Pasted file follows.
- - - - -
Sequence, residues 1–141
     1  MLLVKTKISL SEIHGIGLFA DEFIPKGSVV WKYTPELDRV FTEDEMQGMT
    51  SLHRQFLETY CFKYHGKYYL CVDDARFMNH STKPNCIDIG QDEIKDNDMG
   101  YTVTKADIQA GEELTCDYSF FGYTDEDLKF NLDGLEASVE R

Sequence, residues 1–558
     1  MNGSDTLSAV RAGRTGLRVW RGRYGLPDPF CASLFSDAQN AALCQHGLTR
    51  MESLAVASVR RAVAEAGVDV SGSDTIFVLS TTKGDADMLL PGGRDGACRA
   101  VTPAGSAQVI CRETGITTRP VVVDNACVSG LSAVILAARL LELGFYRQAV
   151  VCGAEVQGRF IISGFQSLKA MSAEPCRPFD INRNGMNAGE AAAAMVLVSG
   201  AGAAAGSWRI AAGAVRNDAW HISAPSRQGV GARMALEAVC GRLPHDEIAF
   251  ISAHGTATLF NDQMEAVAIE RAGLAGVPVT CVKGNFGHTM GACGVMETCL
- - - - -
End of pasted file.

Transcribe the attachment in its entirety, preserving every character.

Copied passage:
Sequence, residues 1–141
     1  MLLVKTKISL SEIHGIGLFA DEFIPKGSVV WKYTPELDRV FTEDEMQGMT
    51  SLHRQFLETY CFKYHGKYYL CVDDARFMNH STKPNCIDIG QDEIKDNDMG
   101  YTVTKADIQA GEELTCDYSF FGYTDEDLKF NLDGLEASVE R

Sequence, residues 1–558
     1  MNGSDTLSAV RAGRTGLRVW RGRYGLPDPF CASLFSDAQN AALCQHGLTR
    51  MESLAVASVR RAVAEAGVDV SGSDTIFVLS TTKGDADMLL PGGRDGACRA
   101  VTPAGSAQVI CRETGITTRP VVVDNACVSG LSAVILAARL LELGFYRQAV
   151  VCGAEVQGRF IISGFQSLKA MSAEPCRPFD INRNGMNAGE AAAAMVLVSG
   201  AGAAAGSWRI AAGAVRNDAW HISAPSRQGV GARMALEAVC GRLPHDEIAF
   251  ISAHGTATLF NDQMEAVAIE RAGLAGVPVT CVKGNFGHTM GACGVMETCL